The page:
My growing sensitivity over disparagements of my Appalachian (Scots-Irish) background may be making me a bit more sensitive to insults to other groups—to an extent I had not realized. And, perhaps, too much so. Perhaps it is due to my anger at the assumption that West Virginians (inbred hillbillies, doncha know) voted overwhelmingly for Clinton because of inherent racism—and not because they (like people in, say, New York or California) actually made thoughtful choices between candidates. Though I am an Obama supporter, I can see reasons for anyone, black or white (or blue and green stripes, for that matter), deciding that Clinton is the better choice. I’m not going to denigrate them by saying that they vote only by color. Certainly, I am not going to stupidly assert that any ethnic or regional group makes its choices simply by race. Not only is it untrue for the vast majority, it carries with it assumptions about the region or group based on gross and often denigrating stereotypes.
So I probably should not have been so surprised by my reaction to this person yesterday:
She’s bilingual, German and English. We were discussing grammar, she arguing for a prescriptive viewpoint while I countered that grammar arises as description and should be treated with that in mind. Somehow, we moved into the expanding vocabulary of English (much larger than that of any other language). I said I loved that aspect of the language; she said it leads to lack of understanding.
“Imagine you were standing on a street corner in Harlem—now, I have nothing against them, in fact, I love the way they use the Anglo-Saxon vocabulary… ”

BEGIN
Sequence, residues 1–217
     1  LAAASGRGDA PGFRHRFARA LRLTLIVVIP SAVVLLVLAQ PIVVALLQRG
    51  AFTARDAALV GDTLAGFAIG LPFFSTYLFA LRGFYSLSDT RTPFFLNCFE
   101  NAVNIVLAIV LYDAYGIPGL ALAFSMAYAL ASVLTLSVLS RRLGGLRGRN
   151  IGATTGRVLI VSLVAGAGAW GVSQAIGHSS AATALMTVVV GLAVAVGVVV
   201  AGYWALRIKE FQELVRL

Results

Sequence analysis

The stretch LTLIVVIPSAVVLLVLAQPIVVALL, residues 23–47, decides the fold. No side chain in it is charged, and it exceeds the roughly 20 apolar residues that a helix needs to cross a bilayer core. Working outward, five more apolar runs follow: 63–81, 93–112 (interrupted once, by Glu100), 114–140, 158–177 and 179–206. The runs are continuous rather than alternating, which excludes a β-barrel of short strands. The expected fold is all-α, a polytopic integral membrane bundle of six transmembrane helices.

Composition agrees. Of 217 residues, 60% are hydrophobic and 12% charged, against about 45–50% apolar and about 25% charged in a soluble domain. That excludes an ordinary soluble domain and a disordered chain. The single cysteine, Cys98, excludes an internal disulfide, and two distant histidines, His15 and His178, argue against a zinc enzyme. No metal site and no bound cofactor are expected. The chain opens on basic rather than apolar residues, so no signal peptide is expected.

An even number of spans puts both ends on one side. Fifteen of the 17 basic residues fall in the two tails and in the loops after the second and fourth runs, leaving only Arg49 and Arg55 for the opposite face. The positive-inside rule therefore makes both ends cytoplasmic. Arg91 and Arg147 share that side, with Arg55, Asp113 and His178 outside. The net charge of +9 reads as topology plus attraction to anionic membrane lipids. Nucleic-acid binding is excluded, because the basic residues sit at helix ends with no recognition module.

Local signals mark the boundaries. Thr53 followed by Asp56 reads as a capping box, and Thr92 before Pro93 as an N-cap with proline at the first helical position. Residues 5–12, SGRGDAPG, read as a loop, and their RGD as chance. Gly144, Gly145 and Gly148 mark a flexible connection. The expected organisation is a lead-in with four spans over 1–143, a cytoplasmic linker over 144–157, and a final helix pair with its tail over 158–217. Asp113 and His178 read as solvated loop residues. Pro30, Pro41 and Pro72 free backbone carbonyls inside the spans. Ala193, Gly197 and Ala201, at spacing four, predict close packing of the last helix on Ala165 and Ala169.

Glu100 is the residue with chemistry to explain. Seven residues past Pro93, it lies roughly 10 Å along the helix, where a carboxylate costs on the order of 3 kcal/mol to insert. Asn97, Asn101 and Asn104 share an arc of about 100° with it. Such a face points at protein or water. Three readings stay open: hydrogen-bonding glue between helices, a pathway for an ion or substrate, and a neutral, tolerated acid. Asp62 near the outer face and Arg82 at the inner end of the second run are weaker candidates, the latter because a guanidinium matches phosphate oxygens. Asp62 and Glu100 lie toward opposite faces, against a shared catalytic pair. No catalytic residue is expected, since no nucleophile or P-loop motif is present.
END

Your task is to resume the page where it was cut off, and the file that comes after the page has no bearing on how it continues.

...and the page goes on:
I started to say something, but held my tongue. I did not want to call her on what I was hearing as a racist comment, but my dander was rising. Still, I was extremely uncomfortable being pulled into an ‘us/them’ dichotomy by her remarks.
“ …but imagine you say to a ten-year-old you find there, ‘All men are mortal.’ The kid would not know what you are talking about.”
I was starting to get ticked off, and really should have stopped her right there. However, I wanted to give her a chance to make her point.
“On the other hand, in Germany, if I said the same thing—in German, of course—any child would know exactly what I meant.”
“First of all,” I responded, “if you said ‘We all die’ in Harlem, the kid would understand you completely. What we have is simply more ways of saying things. All you are doing is using the fact of a large vocabulary to denigrate those who don’t have as great a grasp of the extent of it as you do. That’s not really fair, and is the type of thing people latch onto for arguments for the reality of class distinction.” I was trying to remain calm, but I could feel that I was close to losing my cool.
“That’s not true. I respect them completely.”
Suddenly, I lost it. She clearly did not respect them, and was trying to use language as a means of showing herself better.
“Stop!” I raised my hand, palm out like a traffic cop. “I can’t continue this conversation.”
“Why not? I love the way they use…”
“Stop! I’m hearing tinges of racism, here, and can’t go on.”
I turned and walked away, nearly shaking, suspecting I had overreacted, but sure I would have ended up yelling if I had stayed to talk longer.
Were I a better person, I would have explained that, first of all, I did not like being drawn into her “us” against some “them” out there, simply because she and I share a skin color. I would have asked her if she would have broached her example to an African-American. That might have opened her eyes to what she was, in fact, saying. Unfortunately, as Bob Dylan wrote in “If You See Her, Say Hello,” “Either I’m too sensitive, or else I’m getting soft.”